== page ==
request.paymentSummaryItems = [
    PKPaymentSummaryItem(label: swag.title, amount: swag.price),
    PKPaymentSummaryItem(label: "Razeware", amount: swag.price)

Here, you create an array of PKPaymentSummaryItem objects that provide the user with a breakdown the items they’re purchasing. You might notice that the same price is repeated with different labels. When creating arrays of PKPaymentSummaryItem, the last summary item will be the amount charged and the label will be prepended with the text PAY TO.

Build and run your app on a physical device; select your swag of choice and press the Apple Pay button. You should see the Apple Pay sheet pop up on the screen like so:


It’s exciting to see that fingerprint icon on the screen! Scan your programmed-finger-of-choice on the touch ID sensor, and remember, your account won’t be charged. Instead, you’ll see the wait spinner spin forever; tap Cancel to exit out of this state.

Nothing happens here because there’s more interaction you’ll need to handle using a delegate on the PKPaymentAuthorizationViewController named PKPaymentAuthorizationViewControllerDelegate.

Implementing Delegates to Handle Payment Requests

In BuySwagViewController.swift, add the following extension to BuySwagViewController that implements PKPaymentAuthorizationViewControllerDelegate:

extension BuySwagViewController: PKPaymentAuthorizationViewControllerDelegate {
  func paymentAuthorizationViewController(controller: PKPaymentAuthorizationViewController!, didAuthorizePayment payment: PKPayment!, completion: ((PKPaymentAuthorizationStatus) -> Void)!) {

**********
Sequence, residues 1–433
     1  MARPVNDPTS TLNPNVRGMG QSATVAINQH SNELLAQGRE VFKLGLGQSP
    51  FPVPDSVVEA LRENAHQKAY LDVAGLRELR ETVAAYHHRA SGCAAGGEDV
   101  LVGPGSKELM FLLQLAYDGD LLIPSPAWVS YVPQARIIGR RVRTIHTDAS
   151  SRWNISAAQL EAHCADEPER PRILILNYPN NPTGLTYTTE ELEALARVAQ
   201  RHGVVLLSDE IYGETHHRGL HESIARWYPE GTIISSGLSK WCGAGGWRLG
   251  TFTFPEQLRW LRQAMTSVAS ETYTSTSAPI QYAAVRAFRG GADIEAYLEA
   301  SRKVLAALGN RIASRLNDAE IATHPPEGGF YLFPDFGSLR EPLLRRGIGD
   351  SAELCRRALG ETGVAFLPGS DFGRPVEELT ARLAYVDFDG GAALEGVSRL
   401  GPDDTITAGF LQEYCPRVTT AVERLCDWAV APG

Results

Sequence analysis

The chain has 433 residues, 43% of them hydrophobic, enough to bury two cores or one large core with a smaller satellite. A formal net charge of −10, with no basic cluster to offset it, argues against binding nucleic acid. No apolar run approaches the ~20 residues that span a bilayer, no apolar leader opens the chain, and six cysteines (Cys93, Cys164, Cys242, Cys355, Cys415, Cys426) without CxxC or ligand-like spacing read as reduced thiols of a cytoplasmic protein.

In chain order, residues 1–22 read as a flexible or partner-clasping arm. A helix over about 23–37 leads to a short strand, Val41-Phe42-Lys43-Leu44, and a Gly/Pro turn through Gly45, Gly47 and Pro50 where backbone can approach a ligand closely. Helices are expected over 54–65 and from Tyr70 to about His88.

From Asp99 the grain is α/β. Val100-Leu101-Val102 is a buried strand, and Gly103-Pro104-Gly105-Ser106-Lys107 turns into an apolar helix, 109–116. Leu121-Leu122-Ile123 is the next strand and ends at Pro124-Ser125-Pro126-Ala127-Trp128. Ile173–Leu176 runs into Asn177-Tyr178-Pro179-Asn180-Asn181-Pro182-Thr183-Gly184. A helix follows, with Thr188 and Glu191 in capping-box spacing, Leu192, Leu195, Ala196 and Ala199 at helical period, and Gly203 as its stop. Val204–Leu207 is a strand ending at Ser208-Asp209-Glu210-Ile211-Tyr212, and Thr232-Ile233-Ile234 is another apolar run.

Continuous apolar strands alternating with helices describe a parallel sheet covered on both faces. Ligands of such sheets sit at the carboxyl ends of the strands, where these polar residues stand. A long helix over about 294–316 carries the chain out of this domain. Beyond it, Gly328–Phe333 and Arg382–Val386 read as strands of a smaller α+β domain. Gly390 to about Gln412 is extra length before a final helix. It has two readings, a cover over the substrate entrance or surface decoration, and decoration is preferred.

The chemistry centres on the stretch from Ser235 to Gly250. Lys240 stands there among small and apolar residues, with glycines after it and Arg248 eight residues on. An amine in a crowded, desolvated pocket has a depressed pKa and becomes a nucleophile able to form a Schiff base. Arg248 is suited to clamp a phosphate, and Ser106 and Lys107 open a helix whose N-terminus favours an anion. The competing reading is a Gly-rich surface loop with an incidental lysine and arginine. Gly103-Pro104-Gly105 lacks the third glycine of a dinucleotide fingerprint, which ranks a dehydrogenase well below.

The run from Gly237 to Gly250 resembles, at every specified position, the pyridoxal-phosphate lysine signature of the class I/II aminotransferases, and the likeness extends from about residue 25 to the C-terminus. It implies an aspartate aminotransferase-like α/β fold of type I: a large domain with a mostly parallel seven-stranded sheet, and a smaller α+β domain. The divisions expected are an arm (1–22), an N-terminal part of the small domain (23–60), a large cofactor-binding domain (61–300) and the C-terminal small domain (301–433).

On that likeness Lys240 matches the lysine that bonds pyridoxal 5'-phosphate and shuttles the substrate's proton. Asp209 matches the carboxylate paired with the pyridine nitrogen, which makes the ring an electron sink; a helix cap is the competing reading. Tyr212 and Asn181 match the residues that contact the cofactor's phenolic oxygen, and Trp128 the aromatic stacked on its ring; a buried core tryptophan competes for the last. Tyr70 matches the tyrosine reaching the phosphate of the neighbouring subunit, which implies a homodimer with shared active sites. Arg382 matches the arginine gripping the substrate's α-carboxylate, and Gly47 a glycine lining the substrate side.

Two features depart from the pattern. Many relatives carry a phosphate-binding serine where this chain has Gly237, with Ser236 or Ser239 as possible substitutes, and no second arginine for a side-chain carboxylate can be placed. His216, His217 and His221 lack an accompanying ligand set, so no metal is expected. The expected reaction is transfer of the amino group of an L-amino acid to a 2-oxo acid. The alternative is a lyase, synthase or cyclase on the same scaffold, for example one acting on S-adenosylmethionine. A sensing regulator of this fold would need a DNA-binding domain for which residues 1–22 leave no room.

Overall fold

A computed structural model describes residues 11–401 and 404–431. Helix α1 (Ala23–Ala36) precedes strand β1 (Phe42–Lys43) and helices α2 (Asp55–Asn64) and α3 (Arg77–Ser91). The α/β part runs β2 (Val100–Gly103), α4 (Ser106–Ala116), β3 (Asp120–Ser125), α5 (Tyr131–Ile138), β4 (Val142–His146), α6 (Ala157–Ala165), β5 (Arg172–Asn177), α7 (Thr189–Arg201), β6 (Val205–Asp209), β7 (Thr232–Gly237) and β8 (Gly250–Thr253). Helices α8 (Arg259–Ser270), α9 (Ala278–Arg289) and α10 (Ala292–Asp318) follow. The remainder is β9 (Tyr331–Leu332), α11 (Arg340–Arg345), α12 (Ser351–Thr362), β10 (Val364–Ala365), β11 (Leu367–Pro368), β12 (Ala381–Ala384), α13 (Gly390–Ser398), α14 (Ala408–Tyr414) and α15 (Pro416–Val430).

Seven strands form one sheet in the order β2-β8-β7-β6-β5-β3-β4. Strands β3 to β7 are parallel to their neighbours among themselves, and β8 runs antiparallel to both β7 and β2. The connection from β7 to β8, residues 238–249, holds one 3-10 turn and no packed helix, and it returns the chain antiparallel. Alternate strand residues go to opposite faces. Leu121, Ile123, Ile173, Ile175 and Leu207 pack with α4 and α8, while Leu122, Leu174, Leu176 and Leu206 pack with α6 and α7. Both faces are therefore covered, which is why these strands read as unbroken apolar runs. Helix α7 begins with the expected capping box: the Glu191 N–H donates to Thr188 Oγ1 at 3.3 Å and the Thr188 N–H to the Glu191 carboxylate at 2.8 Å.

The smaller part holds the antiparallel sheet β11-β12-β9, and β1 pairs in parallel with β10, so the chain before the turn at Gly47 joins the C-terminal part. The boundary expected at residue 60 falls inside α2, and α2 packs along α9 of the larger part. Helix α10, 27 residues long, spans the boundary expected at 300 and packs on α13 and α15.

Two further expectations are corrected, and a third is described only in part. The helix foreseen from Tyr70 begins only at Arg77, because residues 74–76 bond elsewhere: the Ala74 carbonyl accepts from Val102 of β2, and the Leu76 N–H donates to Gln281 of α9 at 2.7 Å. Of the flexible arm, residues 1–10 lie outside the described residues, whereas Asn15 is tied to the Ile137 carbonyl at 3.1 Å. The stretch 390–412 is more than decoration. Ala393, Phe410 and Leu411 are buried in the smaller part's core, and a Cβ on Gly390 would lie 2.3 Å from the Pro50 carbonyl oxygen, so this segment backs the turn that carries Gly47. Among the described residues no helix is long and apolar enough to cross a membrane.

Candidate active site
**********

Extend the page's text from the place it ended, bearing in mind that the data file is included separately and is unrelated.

func paymentAuthorizationViewControllerDidFinish(controller: PKPaymentAuthorizationViewController!) {
    controller.dismissViewControllerAnimated(true, completion: nil)

This implements the two required methods of PKPaymentAuthorizationViewControllerDelegate:

  • paymentAuthorizationViewController(controller:didAuthorizePayment:completion:): This handles the user authorization to complete the purchase.
  • paymentAuthorizationViewControllerDidFinish(controller:): This is called when the payment request completes.

The PKPayment object holds the Apple Pay authorization token, as well as final shipping, billing, and contact information for the order, which you’ll handle later in this tutorial.

paymentAuthorizationViewController(controller:didAuthorizePayment:completion:) is where you’ll eventually send the payment request to your backend for processing. This is also why you saw the spinner spin indefinitely. The Apple Pay sheet will remain in place until you invoke the completion handler; this gives you the amount of time you need to complete the transaction. For now though, you simply hardcode the parameter to the completion block with PKPaymentAuthorizationStatus.Success.

The responsibility of paymentAuthorizationViewControllerDidFinish(controller:), for now, is simply to dismiss the view controller when finished.

Add the following line to purchase(sender:) right after the creation of your PKPaymentAuthorizationViewController to set its delegate:

applePayController.delegate = self

Build and run your project; select a piece of swag and tap the Apple Pay button one more time. Scan your finger on the Touch ID and… darn, an error alert!

Not Available

You thought you had everything set up properly for Apple Pay — so why the error?

Your app is not currently permitted to use Apple Pay because you haven’t yet added a certificate from your payment provider — you’ll do that a bit later in the tutorial.

The Apple Pay sheet you present to the user is fairly simple; it only has a method to select which credit card to use to complete the payment. That’s sufficient for payment purposes — but not enough information for your shipping department to send the user the swag they just purchased! You’ll need to tell PKPaymentRequest what kind of information you require from the user to complete the transaction.

Erik Kerber


Erik Kerber